CARLOS A. DUJOVNE, M.D.; PATRICIA KREHBIEL, R.N.; SUSAN DECOURSEY, R.N., B.S.N.; BETHANY JACKSON, R.D.; STEVEN B. CHERNOFF, Ph.D.; ARTHUR PITTERMAN, M.D.; GARTY MOSHE, M.D.
▸Requests for reprints should be sent to Carlos A. Dujovne, M.D.; Division of Clinical Pharmacology, Department of Medicine, Lipid and Arteriosclerosis Prevention Clinic, University of Kansas Medical Center, 39th and Rainbow Boulevard; Kansas City, KS 66103.
DUJOVNE C., KREHBIEL P., DECOURSEY S., JACKSON B., CHERNOFF S., PITTERMAN A., MOSHE G.; Probucol with Colestipol in the Treatment of Hypercholesterolemia. Ann Intern Med. 1984;100:477-482. doi: 10.7326/0003-4819-100-4-477
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Published: Ann Intern Med. 1984;100(4):477-482.
The effects of therapy with 1 g of probucol and 20 g of colestipol were compared with those of the drugs used singly on 47 patients with hypercholesterolemia in a double-blind, double-placebo, diet-controlled, crossover trial that lasted 18 months. The probucol and colestipol combination, but neither drug alone, reduced mean serum low-density-lipoprotein (LDL)-cholesterol levels from 242 ± 51 (SE) mg/dL during the diet and placebo phase to 171 ± 41 mg/dL Probucol significantly lowered high-density-lipoprotein (HDL)-cholesterol levels and increased LDL:HDL-cholesterol ratios. Combination therapy did not change LDL:HDL cholesterol ratios. Probucol alone or in combination reduced very-low-density-lipoprotein cholesterol levels, despite concomitant elevations of serum triglyceride levels caused by colestipol in the combination protocol. Gastrointestinal side effects of single drugs were abolished when drugs were used in combination. Compared with the values in the diet-placebo phase, LDL-cholesterol levels were reduced by more than 20% in 81% of patients, by more than 30% in 49%, and by more than 40% in 17%. This drug combination proved to be safer and have greater hypocholesterolemic effects in more patients than other marketed drug treatments.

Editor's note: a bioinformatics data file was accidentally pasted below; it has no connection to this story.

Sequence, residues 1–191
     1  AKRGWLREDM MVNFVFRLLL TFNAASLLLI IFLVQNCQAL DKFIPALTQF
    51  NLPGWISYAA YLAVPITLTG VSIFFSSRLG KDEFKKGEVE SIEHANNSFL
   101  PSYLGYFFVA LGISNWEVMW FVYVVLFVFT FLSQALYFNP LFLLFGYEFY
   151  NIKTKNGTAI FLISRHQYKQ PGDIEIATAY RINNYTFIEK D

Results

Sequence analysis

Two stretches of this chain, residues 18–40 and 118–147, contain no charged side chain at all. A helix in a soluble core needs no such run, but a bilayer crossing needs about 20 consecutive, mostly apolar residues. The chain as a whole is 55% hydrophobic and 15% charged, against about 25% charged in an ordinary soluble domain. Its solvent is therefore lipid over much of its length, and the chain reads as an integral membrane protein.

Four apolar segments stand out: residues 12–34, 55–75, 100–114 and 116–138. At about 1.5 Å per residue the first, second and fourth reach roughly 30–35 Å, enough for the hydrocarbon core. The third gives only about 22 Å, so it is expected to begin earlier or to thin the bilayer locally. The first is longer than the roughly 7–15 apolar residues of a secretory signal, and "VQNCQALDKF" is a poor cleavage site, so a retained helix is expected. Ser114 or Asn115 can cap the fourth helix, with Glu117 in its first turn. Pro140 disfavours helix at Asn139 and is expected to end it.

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Cardiology, Dyslipidemia, Coronary Risk Factors.
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